The Rosett Report

So, Isn't It About Time for North Korea's Next Nuclear Test?

News is piling up right now about crunch time for the Iran nuclear talks; ISIS, Ebola, Russian warplanes buzzing NATO, and upheaval in Burkina Faso (where this week protesters set fire to the Ouagadougou parliament, the longtime president tweeted his resignation and fled the the country, the military stepped in, and fallout of the upheaval may entail problems for U.S. anti-terror operations in West Africa). What next?

Call me impulsive, but I had a twitch today that amid these crises, it’s about time for North Korea to throw its hat into the ring — with its next nuclear test.

No, I don’t have any inside information. Kim Jong Un does not have me on speed dial. But I have been wading through stacks of material on North Korea’s assorted bouts of nuclear talks and nuclear tests, missile programs, human rights violations, and the current North Korean “charm offensive” — in which North Korean diplomats have been lauding North Korea as a cornucopia of communal joys, while Pyongyang’s Korean Central News Agency has been promising that North Korea will “Mercilessly Shatter U.S. and Its Followers ‘Human Rights’ Campaign.”

And I got to wondering what had happened with that North Korean threat issued in March, when Pyongyang released a statement that it would not rule out “a new form of nuclear test.” Shortly after that, North Korea’s deputy ambassador to the United Nations held a press conference in New York, at which he confirmed that there was another test in the offing. Asked what the “new form” might be, he said “Wait and see,”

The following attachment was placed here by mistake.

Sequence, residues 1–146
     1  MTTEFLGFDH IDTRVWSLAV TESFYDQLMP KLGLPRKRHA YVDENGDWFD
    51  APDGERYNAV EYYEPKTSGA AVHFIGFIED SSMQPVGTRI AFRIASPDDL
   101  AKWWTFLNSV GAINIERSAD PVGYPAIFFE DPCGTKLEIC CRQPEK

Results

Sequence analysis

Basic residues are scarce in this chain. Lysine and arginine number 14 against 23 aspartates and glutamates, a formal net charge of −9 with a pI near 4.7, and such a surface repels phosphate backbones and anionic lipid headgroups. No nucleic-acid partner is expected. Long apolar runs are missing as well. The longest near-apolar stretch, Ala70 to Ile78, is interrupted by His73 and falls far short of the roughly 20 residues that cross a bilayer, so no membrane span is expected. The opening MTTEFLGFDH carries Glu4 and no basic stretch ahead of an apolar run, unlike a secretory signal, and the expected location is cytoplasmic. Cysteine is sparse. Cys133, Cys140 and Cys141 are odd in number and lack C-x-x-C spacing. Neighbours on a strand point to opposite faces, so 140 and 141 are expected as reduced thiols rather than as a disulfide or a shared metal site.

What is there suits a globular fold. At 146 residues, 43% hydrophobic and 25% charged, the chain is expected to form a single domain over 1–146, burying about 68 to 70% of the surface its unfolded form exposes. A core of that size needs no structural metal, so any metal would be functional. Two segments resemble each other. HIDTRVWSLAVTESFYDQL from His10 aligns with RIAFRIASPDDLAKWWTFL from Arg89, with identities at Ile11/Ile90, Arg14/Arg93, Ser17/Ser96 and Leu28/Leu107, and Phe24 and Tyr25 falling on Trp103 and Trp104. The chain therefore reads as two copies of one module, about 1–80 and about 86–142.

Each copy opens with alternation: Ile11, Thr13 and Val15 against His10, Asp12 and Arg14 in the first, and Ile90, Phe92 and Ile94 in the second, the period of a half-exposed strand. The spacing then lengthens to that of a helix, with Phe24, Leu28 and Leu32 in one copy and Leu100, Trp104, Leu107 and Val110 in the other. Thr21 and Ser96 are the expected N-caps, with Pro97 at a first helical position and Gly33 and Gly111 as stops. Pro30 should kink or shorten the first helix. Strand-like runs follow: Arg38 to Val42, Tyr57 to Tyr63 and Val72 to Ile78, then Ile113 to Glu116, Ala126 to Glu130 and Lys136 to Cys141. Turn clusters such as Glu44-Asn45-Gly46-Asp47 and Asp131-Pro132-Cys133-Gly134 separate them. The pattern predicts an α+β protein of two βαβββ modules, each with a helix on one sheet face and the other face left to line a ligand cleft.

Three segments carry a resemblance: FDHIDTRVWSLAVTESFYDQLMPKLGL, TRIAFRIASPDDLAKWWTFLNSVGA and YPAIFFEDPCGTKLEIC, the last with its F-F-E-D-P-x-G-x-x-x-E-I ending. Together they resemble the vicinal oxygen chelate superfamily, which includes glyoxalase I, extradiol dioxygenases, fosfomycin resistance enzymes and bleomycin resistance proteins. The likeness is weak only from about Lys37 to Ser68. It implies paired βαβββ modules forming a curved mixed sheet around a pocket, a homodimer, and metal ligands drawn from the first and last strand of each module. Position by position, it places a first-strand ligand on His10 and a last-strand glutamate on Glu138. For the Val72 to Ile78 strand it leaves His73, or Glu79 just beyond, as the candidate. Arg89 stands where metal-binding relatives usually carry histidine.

Since then, as far as North Korean nuclear testing, it’s been all wait, and no see. Satellite photos of North Korea’s Punggye-ri test site this spring did show what appeared to be preparations for a fourth nuclear test (the previous three having been carried out in 2006, 2009 and 2013). Analysts say North Korea appears ready to carry out its next illicit nuclear detonation. There have also been signs that North Korea is expanding its uranium enrichment facilities. And last week the commander of U.S. Forces in Korea, General Curtis Scaparrotti, said at a press conference that he believes North Korea has the capability to miniaturize a nuclear warhead and the technology to deliver it on a missile.

All of which is dire. But most of the U.S. fuss over North Korea in recent times has centered on such dramas as Kim’s fit of avunculicide in late 2013, the imprisonment of American tourists, the mysterious disappearance and reappearance this fall of the limping young tyrant Kim, and the damning United Nations report accusing North Korea’s leadership of crimes against humanity, to which North Korea has been responding with the diplomatic and propaganda blitz now dubbed a charm offensive.